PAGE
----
Bonuses, Education Benefits Increased for Reserve, Guard
By Kathleen T. Rhem
American Forces Press Service
WASHINGTON, Nov. 5, 2004 Increased education benefits and more flexibility in awarding bonuses are among the quality-of-life improvements targeting National Guard and Reserve servicemembers in the 2005 National Defense Authorization Act.
The act, signed by President Bush Oct. 28, also provides for changes in how guardsmen and reservists are mobilized and deployed.
"I am encouraged that the (Defense) Department, working with Congress, has enacted a number of provisions that will fundamentally change the nature of Guard and Reserve service," said Assistant Secretary of Defense for Reserve Affairs Thomas Hall Nov. 4.
During an interview with the Pentagon Channel and American Forces Press Service, Hall explained many changes contained in the authorization act were vital to bring reserve component benefits more in line with active duty benefits, particularly since troops from both components are generally serving side by side in combat zones.
"We had a much different benefit structure for the Guard and Reserve and active duty, which was all right when you're not mobilized and when you're in a drilling status," Hall said. "But when you are mobilized and you're serving in the foxhole alongside your active duty brethren, we have to ask, 'Are the benefits the very same?' And they haven't been."
One significant change concerns various types of bonuses and proficiency pay. The act generally doubles or triples reserve component bonuses, bringing them closer to active duty amounts. It allows re-enlistment bonuses to be paid more than once and to be paid in a lump sum.
The act also covers an accession/affiliation bonus of up to $6,000 for reserve officers, changes rules concerning foreign-language proficiency pay, and adds a $2,000 bonus for reserve component members who convert to a critical skill.
In the past, education benefits for reserve component troops were considerably below those for active duty troops, even when RC servicemembers were activated for extended periods. That is now changed, based on how long a reserve member is activated, Hall explained.
Members who have been activated more than 90 consecutive days will now receive 40 percent of the active duty monthly rate under the Montgomery G.I. Bill, or $401 a month for those attending school full time.
The rate goes up to $602, 60 percent of the active duty rate, for those activated more than one year. For those reserve component members activated at least two years, the rate jumps to 80 percent of the active duty rate, or $803 per month. Active duty servicemembers must generally serve at least a four-year enlistment to earn full benefits under the Montgomery G.I. Bill.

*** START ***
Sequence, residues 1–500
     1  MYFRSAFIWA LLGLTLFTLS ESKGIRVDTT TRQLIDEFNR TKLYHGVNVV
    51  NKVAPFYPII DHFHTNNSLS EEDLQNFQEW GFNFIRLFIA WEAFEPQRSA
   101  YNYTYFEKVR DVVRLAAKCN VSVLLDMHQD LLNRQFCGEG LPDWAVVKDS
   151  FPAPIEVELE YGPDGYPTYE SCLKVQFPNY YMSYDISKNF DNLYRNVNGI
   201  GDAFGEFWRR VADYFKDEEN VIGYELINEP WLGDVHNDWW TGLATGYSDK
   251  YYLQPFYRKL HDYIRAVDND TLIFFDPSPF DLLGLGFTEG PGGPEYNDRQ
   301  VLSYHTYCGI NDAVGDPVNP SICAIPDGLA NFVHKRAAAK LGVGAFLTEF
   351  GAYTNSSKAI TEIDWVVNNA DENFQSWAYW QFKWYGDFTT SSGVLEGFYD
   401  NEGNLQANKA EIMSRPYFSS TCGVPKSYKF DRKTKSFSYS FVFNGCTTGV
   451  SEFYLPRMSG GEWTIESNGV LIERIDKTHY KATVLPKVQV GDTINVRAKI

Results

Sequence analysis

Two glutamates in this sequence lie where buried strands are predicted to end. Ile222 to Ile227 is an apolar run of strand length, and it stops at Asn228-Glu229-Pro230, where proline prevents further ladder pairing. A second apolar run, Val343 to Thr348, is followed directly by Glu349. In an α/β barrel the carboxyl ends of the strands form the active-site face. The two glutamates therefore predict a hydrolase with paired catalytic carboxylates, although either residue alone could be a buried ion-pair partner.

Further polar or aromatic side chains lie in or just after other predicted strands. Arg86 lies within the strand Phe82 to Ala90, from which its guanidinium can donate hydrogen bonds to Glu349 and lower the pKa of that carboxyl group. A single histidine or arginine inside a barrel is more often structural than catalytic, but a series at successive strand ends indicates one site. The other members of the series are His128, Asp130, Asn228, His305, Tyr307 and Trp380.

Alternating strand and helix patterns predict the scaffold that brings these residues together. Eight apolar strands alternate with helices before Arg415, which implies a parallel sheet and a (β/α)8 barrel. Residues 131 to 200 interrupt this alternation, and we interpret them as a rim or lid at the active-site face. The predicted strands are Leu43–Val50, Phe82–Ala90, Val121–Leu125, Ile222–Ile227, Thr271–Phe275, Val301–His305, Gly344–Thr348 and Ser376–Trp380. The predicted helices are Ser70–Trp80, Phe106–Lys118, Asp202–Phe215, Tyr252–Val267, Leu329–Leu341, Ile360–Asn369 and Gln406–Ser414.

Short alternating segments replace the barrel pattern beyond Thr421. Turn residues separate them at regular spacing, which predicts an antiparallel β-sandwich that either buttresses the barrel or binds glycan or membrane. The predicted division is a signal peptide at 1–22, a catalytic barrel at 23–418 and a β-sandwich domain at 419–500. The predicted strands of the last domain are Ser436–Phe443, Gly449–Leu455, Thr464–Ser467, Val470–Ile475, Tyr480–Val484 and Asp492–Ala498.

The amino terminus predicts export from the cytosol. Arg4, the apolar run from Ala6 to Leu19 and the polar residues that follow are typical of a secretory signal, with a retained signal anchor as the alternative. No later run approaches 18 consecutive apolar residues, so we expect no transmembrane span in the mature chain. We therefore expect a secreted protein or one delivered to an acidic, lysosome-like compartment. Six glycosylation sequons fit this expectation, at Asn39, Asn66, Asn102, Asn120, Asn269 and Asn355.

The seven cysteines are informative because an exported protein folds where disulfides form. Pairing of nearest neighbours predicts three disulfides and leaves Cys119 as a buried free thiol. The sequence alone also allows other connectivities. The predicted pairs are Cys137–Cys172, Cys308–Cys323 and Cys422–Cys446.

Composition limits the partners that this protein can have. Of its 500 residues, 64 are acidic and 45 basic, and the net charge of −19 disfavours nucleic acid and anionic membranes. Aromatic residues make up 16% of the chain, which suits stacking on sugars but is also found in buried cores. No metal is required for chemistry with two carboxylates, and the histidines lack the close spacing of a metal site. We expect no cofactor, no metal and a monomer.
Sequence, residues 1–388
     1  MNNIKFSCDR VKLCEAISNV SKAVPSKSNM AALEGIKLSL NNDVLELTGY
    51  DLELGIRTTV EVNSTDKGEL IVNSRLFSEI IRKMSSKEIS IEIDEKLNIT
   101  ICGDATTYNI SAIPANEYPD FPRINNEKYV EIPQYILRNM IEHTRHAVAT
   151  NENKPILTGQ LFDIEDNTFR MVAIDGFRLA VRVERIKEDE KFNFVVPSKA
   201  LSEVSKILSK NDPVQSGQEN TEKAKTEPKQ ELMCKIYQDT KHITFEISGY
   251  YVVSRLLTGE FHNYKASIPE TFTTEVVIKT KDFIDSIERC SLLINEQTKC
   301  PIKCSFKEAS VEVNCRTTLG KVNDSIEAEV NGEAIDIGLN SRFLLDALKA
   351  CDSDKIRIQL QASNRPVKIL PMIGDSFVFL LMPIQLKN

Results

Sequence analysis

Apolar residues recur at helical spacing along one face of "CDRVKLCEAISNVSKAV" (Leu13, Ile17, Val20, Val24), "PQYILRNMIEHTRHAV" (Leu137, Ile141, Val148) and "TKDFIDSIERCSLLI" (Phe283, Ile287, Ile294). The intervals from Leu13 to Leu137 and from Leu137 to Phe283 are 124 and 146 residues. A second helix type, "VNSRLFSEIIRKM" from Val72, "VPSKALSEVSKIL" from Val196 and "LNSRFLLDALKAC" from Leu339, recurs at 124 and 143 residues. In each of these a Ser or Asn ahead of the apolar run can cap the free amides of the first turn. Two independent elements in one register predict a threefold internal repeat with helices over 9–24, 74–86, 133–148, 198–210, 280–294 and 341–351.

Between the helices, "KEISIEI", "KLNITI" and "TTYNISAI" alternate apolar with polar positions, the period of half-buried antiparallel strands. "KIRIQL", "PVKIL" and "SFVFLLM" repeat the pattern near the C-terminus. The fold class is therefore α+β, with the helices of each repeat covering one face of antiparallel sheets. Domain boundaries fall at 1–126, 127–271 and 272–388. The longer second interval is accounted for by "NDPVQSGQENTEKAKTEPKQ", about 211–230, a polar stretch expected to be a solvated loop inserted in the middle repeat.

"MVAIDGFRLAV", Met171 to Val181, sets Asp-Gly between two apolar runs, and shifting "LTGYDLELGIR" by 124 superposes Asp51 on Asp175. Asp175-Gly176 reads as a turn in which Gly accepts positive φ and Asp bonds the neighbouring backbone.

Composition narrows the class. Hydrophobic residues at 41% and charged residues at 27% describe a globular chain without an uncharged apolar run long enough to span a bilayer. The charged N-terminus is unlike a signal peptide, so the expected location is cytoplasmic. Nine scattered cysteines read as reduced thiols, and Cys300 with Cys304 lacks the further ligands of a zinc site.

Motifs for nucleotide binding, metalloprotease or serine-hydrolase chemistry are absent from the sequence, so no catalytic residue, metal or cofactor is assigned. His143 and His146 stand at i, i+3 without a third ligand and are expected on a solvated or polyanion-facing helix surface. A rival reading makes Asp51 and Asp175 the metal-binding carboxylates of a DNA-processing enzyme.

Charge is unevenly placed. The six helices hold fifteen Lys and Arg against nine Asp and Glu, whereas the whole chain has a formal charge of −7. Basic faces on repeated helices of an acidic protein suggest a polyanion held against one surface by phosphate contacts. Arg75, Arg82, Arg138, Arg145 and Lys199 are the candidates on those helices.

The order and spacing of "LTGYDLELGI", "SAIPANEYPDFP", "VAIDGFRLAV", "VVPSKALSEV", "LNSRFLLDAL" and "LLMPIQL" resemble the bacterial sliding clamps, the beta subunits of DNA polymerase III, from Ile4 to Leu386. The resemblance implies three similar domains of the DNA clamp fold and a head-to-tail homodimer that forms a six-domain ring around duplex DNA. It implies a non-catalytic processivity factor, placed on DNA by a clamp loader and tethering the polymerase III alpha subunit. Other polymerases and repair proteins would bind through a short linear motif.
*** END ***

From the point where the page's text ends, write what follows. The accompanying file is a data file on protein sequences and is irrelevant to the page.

Hall mentioned that he hopes to see education benefits increase also for those drilling reservists who aren't activated.
Other significant changes contained in this year's authorization act concern how reserve component troops are mobilized and how they're managed while they are mobilized.
The act now allows the military services to mobilize their RC members for training. In the past, a common scenario was to activate guardsmen or reservists, send them away from home for training and then deploy them to an operational mission.
"Well, in many cases what that involves is that the mobilization process is not necessarily just 12 months boots on the ground," Hall explained. "It might extend up to 18 months. And, of course, that's time in which guardsmen and reservists are away from their families and employers."
New rules contained in the authorization act allow RC members to be activated just for training, then demobilized until they're needed for operational missions.
"What we hope to do is cut down the total amount of mobilization because we can do training when it's available, when the guardsman wants it and when their employer wants it," Hall said. "That is a huge change that I think will help the mobilization process. I think it's welcomed by our components, and it's welcomed by the individual guardsmen and reservists."
This authorization act also eliminates the so-called "180-day rule." Under previous accounting guidelines, reserve component servicemembers who were mobilized for more than 179 days had to be counted against active duty statistics, Hall explained. This particularly caused problems in terms of end- strength goals and ceilings on specific pay grades.
Hall said the new rules better satisfy the needs of the reserve component and the active duty services. "The rules we had were good for another time and another place," he said. "But this is transformational; it's more integration and a great step forward."